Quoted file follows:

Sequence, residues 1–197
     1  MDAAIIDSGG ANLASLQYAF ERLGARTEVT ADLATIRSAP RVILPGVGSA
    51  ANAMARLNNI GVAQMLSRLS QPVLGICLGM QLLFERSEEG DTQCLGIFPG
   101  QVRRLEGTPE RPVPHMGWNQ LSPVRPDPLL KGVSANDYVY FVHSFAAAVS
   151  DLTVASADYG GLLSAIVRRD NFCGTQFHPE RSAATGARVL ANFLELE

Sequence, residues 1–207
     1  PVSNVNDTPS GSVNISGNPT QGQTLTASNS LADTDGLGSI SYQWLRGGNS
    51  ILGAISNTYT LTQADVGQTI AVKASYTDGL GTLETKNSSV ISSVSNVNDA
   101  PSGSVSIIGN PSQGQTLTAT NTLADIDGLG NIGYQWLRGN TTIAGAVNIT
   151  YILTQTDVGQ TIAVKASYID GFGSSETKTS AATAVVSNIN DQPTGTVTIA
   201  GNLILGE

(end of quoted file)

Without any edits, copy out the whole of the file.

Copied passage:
Sequence, residues 1–197
     1  MDAAIIDSGG ANLASLQYAF ERLGARTEVT ADLATIRSAP RVILPGVGSA
    51  ANAMARLNNI GVAQMLSRLS QPVLGICLGM QLLFERSEEG DTQCLGIFPG
   101  QVRRLEGTPE RPVPHMGWNQ LSPVRPDPLL KGVSANDYVY FVHSFAAAVS
   151  DLTVASADYG GLLSAIVRRD NFCGTQFHPE RSAATGARVL ANFLELE

Sequence, residues 1–207
     1  PVSNVNDTPS GSVNISGNPT QGQTLTASNS LADTDGLGSI SYQWLRGGNS
    51  ILGAISNTYT LTQADVGQTI AVKASYTDGL GTLETKNSSV ISSVSNVNDA
   101  PSGSVSIIGN PSQGQTLTAT NTLADIDGLG NIGYQWLRGN TTIAGAVNIT
   151  YILTQTDVGQ TIAVKASYID GFGSSETKTS AATAVVSNIN DQPTGTVTIA
   201  GNLILGE